Bonnie Clearwater Leaves MOCA

Joins NSU’s Museum of Art | Fort Lauderdale



Bonnie Clearwater


Bonnie with Calvin Klein and Ingrid Sischy

Nova Southeastern University’s (NSU) President and CEO, George L. Hanbury II, Ph.D., announced the appointment of Bonnie Clearwater, M.A., as the new Director of NSU’s Museum of Art | Fort Lauderdale effective September 3, 2013. Clearwater joins NSU’s Museum of Art | Fort Lauderdale from the Museum of Contemporary Art (MOCA) in North Miami. Clearwater will work closely with the museum and university staff, and the museum’s Board of Governors, to lead the museum into an era of unprecedented transformation and growth.

Recognized for her visionary leadership, scholarship and commitment to artists and education, Clearwater brings to the museum her extensive knowledge and experience in shaping an institution’s identity and mission, and in developing thought-provoking exhibitions and collections. She shares the university’s goal of expanding the museum’s educational initiatives, partnerships and cross-disciplinary collaborations to fully integrate the museum into both NSU’s academic and extra-curricular campus life and into the broader art world.

“Bonnie has an exceptional track record as a museum director, curator and scholar, and strikes the perfect balance as a creative visionary and administrator with the ability to engage and inspire people of all backgrounds,” said Hanbury. “Capitalizing on NSU’s academic resources, she will develop new opportunities for synergy between the museum and the university, forging exciting connections between art and education. We look forward to her leadership at NSU’s Museum of Art | Fort Lauderdale.”

One of the most prominent figures in South Florida’s art world, Clearwater is the Director and Chief Curator of the Museum of Contemporary Art (MOCA), North Miami. During her 18-year tenure, she transformed MOCA into a museum of international stature, recognized for its original and groundbreaking exhibitions, collection, education and public programs. Clearwater has championed both emerging and established artists, who have become among the leading artists of our time, and played a key role in establishing Miami as a preeminent international arts center and destination.

“Bonnie is an internationally known leader in the arts with tremendous energy, creativity and an unparalleled understanding of the field,” said David Horvitz, chairman of the Board of Governors of NSU’s Museum of Art l Fort Lauderdale. “Becoming the Director of NSU’s Museum of Art provides a transformational opportunity for our museum, for the university, for our community and for Bonnie.”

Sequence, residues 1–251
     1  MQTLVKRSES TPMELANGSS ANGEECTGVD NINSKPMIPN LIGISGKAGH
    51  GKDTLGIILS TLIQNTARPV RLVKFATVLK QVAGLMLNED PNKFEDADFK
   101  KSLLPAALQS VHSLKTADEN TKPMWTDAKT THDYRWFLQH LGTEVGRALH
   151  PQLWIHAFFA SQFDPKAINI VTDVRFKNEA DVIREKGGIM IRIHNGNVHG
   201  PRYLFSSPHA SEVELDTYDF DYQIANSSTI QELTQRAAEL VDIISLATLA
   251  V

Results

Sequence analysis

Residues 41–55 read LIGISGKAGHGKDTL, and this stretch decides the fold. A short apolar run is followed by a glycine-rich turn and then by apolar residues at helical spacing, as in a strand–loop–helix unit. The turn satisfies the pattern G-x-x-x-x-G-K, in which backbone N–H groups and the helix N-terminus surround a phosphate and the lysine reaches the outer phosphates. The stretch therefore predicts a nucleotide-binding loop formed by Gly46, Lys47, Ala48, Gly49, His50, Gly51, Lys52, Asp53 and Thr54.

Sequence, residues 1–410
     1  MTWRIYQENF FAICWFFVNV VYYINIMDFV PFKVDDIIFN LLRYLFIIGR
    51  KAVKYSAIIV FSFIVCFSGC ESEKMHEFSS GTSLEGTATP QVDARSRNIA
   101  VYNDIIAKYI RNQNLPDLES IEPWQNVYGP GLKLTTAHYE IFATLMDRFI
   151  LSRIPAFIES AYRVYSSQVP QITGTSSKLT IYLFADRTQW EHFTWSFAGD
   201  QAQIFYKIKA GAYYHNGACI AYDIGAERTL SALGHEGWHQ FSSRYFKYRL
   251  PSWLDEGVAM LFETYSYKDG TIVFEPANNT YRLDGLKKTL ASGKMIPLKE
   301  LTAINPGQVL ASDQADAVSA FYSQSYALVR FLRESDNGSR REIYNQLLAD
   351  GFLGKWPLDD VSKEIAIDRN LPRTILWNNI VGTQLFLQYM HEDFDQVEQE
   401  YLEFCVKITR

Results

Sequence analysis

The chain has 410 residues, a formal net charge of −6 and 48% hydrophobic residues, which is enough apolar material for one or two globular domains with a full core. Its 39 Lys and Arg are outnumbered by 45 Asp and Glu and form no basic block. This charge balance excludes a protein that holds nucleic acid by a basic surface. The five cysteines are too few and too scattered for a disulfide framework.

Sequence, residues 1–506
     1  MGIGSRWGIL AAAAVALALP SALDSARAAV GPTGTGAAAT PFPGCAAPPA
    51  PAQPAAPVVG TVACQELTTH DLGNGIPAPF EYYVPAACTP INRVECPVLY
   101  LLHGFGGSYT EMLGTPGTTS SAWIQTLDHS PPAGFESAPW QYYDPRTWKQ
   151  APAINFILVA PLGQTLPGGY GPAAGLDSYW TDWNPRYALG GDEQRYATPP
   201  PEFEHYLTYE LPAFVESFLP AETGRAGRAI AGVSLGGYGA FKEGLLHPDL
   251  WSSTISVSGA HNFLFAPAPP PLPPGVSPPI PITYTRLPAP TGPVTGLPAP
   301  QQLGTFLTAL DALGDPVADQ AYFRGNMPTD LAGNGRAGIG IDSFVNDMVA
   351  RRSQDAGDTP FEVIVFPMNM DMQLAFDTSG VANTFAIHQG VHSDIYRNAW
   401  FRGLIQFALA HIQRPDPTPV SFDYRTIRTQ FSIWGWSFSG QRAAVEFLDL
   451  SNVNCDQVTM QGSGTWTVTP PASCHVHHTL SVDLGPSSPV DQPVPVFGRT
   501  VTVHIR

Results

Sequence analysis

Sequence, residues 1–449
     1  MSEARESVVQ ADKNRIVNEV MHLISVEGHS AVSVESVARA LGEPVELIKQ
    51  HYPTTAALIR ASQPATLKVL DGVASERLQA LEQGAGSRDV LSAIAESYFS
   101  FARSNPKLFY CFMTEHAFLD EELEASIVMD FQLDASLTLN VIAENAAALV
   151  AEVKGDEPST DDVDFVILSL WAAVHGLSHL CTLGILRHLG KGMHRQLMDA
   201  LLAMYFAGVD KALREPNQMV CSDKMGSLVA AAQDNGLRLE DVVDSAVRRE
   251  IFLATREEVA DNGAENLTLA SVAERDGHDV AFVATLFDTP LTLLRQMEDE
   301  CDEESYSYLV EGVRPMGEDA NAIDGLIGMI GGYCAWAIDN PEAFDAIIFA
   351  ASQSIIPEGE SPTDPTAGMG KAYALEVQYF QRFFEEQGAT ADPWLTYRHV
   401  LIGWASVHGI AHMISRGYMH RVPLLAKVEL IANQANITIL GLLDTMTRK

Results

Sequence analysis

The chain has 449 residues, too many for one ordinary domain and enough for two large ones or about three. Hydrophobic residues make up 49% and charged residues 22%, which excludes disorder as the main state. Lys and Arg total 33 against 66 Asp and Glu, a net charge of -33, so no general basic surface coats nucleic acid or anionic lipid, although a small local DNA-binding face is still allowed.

NSU's Museum of Art, West Exterior


Elie Tahari, Bonnie Clearwater and Jose Alvarez


Bonnie Clearwater and Zubin Nagpal



“The integration of lifelong learning and a love of the arts has been central in my professional career and personal life, and is at the heart of NSU’s Museum of Art’s mission,” said Clearwater.

She was present at the opening of the museum’s building in 1986 when its galleries and lofty spaces became a beacon of art and culture for all of South Florida. “It’s a gem of a museum that deserves worldwide attention,” she said. “I am looking forward to working with the museum’s deeply committed Board of Governors and staff, along with NSU’s leadership and faculty. Together, we will build upon the strong programs already in place to raise the museum’s standing regionally and nationally as a dynamic center of culture, education and community engagement.”

Located in downtown Fort Lauderdale, Nova Southeastern University’s Museum of Art | Fort Lauderdale was founded in 1958. In 2008, it became part of Nova Southeastern University, one of only 37 universities nationwide to be awarded with both the Community Engagement and “high research activity” classifications by the Carnegie Foundation for the Advancement of Teaching. The merger with the museum expanded the college’s creative campus, and helped support NSU’s degree programs in fine arts and arts administration.

The museum’s distinctive modernist building opened in 1986 and was designed by architect Edward Larrabee Barnes, whose other museum designs include The Walker Art Center and Dallas Museum of Art. The 83,000 square-foot museum contains 25,000 square-feet of exhibition space, the 250-seat Horvitz Auditorium as well as a branch of the Books + Books bookstore and café.

The museum’s 6,000-work permanent collection is recognized for its extensive holding of works by the American painter William Glackens, paintings by the CoBrA group of expressionists, and a highly prized collection of works by Latin American artists. In addition to the collections the museum maintains a special focus on photography. The museum presents an active education program through its dynamic AutoNation Academy for Art + Design, which is located in an adjacent 11,000 square-foot building, and provides year-round studio instruction and classes for adults, children and teens taught by locally and nationally known professional artists.